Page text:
I don’t know much about this class of spirit, but I’m attempting to learn more. I’m currently reading Elves, Wights, and Trolls (Kveldulf Gundarsson) in an attempt to learn more about how my Norse and Germanic ancestors would have viewed this class of spirits. They are, by and large, an extremely diverse bunch, from friendly house wights to dangerous and trickster types who work against humans and against the Gods. Much like humans and Gods, some of them are considerably more cooperative than others. (Though I found his initial explanation on what to offer and how to behave around them very interesting, as they are quite different than the Celtic Sidhe/Fae that I’ve been more accustomed to in mythology).

I hope to incorporate them more into my practice as I learn more about them. The book is a little dense at times, but I think it’s been a good introduction to all the different roles that the different types of Spirits can have – from Jotuns/Ettins to Land Wights to Water Wights. I’m only about half way through at this point, but I think I’ve learned a lot.

I do try to keep a working relationship with my house spirits and the spirits of my little piece of earth. I don’t leave offerings as often as I should, but I try to make offerings of food – especially baked goods – and make sure that I do my best to make my home and yard a welcoming place for animals and spirits. I have several “wild” areas for bugs and birds, and I like to leave out food offerings. I also regularly thank my local house spirits when I’m cleaning my house weekly, asking to make sure that I don’t disturb them with loud things like the vacuum cleaner and sprinkling cleansing herbs and essential oils in my vacuum bag to help keep the house nice-smelling and pleasant for them. (It helps keep it nice for us humans too!)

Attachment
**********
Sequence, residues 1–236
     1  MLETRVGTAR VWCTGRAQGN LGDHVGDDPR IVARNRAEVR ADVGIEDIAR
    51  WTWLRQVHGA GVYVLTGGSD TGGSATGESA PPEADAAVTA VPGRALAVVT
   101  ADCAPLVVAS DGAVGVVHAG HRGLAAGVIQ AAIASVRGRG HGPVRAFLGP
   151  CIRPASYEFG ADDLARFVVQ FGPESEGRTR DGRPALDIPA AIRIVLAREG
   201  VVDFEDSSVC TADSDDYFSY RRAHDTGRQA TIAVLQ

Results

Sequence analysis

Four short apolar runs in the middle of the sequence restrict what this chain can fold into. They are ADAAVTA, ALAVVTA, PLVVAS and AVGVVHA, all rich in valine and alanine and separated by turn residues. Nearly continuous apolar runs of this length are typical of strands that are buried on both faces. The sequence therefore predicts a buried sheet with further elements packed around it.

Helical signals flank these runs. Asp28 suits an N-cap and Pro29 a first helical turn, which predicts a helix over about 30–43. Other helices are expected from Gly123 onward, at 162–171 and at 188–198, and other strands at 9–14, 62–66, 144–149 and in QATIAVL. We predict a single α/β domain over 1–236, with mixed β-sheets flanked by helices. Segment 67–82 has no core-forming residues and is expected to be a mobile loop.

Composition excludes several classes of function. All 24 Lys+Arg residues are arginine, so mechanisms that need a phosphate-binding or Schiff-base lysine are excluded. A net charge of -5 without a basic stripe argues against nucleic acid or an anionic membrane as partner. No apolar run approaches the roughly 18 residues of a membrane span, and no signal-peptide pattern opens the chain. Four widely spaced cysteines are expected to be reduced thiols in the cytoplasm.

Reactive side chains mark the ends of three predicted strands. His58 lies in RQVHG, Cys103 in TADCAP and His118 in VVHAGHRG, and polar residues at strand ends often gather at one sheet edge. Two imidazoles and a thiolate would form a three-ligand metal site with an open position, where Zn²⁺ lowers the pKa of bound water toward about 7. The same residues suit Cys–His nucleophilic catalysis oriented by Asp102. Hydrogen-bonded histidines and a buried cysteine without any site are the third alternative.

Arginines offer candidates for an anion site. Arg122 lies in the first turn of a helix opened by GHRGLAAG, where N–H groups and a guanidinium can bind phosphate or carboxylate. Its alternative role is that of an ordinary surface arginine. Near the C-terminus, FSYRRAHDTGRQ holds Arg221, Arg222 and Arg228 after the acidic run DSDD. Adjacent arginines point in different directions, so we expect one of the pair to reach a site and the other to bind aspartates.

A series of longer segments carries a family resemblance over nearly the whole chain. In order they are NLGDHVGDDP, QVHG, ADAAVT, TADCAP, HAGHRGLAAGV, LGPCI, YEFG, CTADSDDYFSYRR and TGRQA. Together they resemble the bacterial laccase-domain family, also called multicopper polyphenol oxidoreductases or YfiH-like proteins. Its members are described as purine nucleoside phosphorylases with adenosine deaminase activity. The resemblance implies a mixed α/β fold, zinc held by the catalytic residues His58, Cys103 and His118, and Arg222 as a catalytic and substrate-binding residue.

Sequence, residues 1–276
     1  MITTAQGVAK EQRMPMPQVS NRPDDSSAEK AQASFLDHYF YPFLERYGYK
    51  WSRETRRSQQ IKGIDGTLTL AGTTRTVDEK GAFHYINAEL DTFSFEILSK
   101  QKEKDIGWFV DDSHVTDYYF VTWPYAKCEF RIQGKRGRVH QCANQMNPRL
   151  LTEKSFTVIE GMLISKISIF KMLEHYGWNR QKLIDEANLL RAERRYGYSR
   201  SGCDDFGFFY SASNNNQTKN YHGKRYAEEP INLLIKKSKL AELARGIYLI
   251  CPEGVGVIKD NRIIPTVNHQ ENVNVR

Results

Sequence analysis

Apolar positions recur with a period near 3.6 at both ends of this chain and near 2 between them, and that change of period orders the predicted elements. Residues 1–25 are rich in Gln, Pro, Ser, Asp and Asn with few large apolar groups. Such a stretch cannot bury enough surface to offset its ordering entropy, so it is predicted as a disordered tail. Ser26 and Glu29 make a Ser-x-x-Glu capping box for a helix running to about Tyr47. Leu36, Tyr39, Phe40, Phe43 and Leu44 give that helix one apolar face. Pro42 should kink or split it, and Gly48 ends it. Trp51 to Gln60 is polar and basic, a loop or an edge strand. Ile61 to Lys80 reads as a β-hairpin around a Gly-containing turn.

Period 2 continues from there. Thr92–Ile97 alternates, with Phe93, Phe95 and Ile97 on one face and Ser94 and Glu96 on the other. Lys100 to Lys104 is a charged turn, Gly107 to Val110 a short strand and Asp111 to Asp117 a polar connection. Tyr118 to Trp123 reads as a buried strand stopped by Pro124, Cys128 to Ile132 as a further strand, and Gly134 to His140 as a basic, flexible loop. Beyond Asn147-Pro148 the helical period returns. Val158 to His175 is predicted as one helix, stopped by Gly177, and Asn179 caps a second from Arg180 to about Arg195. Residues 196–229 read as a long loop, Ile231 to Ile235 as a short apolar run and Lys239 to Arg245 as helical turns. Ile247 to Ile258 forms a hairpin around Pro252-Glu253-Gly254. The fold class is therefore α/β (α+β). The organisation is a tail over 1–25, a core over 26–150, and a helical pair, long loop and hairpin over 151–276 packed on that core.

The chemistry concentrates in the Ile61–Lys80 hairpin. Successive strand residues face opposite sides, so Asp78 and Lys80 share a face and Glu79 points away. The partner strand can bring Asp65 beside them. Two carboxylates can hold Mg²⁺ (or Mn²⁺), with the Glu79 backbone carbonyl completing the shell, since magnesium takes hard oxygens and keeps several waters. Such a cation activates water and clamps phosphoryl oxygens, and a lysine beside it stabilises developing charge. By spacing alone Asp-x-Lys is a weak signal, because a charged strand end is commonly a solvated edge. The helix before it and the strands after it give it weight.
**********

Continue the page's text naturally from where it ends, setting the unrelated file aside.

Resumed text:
I have several animal “spirits” that I have an affinity with. I wouldn’t call them guides, so much as presences that I’ve noticed in my life. I turn to them for advice at times, or just see them frequently in my Mental Grove workings. In particular, I see Owl, Rabbit and Toad, and occasionally Stag. I have the closest relationship with Owl and Rabbit, whom I have spoken with and gotten wisdom from, but I hesitate to call them true “guides”, other than that they have acted as guides for me in trance meditations when I am out exploring the worlds around my Mental Grove.

One ritual I do consistently is a note of respect to the dead that I find. This usually means I’m doing the ritual in my car, so it has to be a quick ritual, but I find that I get a feeling of comfort from it. When I see an animal that has been killed on the road (or other places, but most often it’s on the road), I kiss my hand and say a prayer of comfort and release for that animal, willing it to be at peace and to travel onward toward its next life.  I should actually write up a prayer to say for this, in light of yesterdays post about writing more prayers.